Brett Parker returns to courtroom after hospitalization - - Columbia, South Carolina

Doctor: Capnerhurt's injury would have prevented him from keeping grip on gun

Brett Parker is loaded onto an ambulance Wednesday. Brett Parker is loaded onto an ambulance Wednesday.

The double-murder trial of Brett Parker resumed Friday morning after being cut short Thursday when the admitted bookie had to be transported to an area hospital after an emotional outburst in the courtroom.

Parker was back at the defense table Friday showing no signs of the emotional distress that brought his trial to an abrupt halt late Thursday morning.

After a half-day delay, Chief Medical Examiner Dr. Bradley Marcus continued answering questions about the conditions of Tammy Jo Parker and Bryan Capnerhurst.

On Thursday, some of the medical examiner's remarks were difficult for family members to hear. And that was apparently true for the defendant as well.

Brett Parker put his head down in his hands and dabbed repeatedly at his eyes with a tissue. Then, after the jury was sent out of the courtroom, Parker began sobbing loudly.

He was later taken to an area hospital apparently for treatment of symptoms of an anxiety or panic attack. One of his attorneys described his condition as a rapid heartbeat.

Judge DeAndrea Benjamin gave the court an early lunch break and eventually canceled proceedings for the rest of the day.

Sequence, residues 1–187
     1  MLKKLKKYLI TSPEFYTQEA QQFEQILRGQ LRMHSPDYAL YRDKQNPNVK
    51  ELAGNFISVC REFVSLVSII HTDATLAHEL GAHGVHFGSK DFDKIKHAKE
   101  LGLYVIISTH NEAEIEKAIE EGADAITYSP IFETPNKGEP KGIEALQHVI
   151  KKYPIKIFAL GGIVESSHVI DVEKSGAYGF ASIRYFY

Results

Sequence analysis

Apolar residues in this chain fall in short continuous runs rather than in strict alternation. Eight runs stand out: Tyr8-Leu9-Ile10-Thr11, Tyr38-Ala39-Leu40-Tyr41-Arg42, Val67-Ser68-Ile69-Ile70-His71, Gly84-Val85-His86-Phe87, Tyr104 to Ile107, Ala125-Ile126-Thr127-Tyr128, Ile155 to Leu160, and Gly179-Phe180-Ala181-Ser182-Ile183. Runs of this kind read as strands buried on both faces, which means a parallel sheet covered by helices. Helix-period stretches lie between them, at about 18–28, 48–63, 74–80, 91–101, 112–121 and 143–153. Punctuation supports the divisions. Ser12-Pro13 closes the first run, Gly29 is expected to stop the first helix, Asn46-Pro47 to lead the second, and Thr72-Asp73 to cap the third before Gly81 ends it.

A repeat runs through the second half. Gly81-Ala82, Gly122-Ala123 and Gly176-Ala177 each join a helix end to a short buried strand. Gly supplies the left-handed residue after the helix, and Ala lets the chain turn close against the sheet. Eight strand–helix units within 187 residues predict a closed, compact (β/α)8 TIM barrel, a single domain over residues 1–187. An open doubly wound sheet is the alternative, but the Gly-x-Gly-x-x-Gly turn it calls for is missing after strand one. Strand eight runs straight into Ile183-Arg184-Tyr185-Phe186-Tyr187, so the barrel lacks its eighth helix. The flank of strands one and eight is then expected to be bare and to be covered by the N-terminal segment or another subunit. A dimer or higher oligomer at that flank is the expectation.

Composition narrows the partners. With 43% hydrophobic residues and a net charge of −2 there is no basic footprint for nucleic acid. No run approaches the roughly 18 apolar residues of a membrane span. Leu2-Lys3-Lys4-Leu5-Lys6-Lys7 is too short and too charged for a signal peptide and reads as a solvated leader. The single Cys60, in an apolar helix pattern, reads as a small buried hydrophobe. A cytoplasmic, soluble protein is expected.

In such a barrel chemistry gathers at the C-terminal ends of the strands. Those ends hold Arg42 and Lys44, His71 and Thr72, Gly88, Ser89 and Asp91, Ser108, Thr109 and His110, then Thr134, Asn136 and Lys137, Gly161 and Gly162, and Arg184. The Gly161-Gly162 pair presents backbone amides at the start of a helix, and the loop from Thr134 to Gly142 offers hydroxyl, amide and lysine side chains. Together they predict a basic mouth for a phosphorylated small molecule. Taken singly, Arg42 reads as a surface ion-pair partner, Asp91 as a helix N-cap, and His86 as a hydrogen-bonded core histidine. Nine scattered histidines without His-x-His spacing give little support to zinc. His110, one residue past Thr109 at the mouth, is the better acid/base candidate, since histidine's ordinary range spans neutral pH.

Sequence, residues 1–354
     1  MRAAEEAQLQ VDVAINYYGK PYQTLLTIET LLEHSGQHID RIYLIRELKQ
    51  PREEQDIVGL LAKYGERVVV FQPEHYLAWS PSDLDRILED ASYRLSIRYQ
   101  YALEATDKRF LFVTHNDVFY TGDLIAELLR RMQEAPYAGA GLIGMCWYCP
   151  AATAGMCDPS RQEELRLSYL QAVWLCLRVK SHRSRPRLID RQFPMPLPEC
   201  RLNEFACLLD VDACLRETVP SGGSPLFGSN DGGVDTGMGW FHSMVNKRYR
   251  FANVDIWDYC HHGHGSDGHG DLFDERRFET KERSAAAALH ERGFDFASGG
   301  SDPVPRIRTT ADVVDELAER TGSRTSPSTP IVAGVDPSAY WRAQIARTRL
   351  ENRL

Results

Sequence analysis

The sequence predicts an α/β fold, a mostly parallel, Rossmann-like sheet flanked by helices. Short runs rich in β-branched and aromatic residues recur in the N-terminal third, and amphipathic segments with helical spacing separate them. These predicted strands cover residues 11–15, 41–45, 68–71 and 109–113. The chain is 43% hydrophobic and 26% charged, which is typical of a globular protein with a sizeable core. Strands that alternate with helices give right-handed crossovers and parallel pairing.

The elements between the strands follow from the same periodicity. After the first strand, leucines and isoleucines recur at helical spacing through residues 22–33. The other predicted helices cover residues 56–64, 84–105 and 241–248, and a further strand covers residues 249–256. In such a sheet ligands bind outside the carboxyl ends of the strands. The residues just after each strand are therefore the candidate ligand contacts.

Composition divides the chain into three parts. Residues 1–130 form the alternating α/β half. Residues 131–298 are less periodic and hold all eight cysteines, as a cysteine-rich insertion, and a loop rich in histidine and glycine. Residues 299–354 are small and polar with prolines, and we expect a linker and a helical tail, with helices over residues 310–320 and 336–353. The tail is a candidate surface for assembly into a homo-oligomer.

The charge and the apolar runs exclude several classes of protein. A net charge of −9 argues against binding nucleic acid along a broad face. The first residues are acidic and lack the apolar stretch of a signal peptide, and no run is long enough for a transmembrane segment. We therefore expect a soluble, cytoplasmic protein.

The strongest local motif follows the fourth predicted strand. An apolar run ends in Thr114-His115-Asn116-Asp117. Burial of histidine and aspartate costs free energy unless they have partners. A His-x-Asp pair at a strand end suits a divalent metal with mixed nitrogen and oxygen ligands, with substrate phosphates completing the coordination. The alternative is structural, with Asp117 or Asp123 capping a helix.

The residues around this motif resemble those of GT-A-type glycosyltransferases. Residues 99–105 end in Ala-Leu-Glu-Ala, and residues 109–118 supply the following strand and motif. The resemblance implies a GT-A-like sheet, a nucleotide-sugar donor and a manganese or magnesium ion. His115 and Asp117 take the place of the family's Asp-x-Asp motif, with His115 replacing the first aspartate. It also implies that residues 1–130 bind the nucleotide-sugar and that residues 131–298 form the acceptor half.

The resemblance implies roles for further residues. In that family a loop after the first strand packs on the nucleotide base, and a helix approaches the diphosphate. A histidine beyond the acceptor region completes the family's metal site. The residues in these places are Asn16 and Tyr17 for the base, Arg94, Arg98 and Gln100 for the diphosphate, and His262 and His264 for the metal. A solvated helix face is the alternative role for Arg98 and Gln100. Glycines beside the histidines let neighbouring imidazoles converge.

When court resumed on Friday, Dr. Marcus focused mostly on the damage done to Bryan Capnerhurst.

In particular, on indications that the last of four gunshots fired at him was a shotgun blast to the head, as he lay on the floor in the attic area of the Parker home.

Marcus says that was the fatal wound, but he also says Capnerhurst had been hit in the left arm just before that, making it impossible for him to maintain a grip on the gun sheriff's investigators found in his left hand when they entered the home.

Marcus also testified that Capnerhurst had a gunshot wound to the bottom of his foot.

But Parker's defense refuted Marcus' claims.

"He's not basing it on any science," argued attorney Mark Whitlark. "He's not qualified to give this statement."

The judge overruled Whitlark's challenge and the Jury was allowed to hear Marcus' testimony.

Scheduled to testify in the case next week is Lanny Gunter, who was sentenced to five months in prison in January by a federal judge for his involvement in a gambling operation. Gunter's case was uncovered by deputies investigating Parker's murder case.

Jack Kuenzie continues to follow this case and will be in the courtroom until a verdict is reached. Follow him on Twitter: @JKuenzie.

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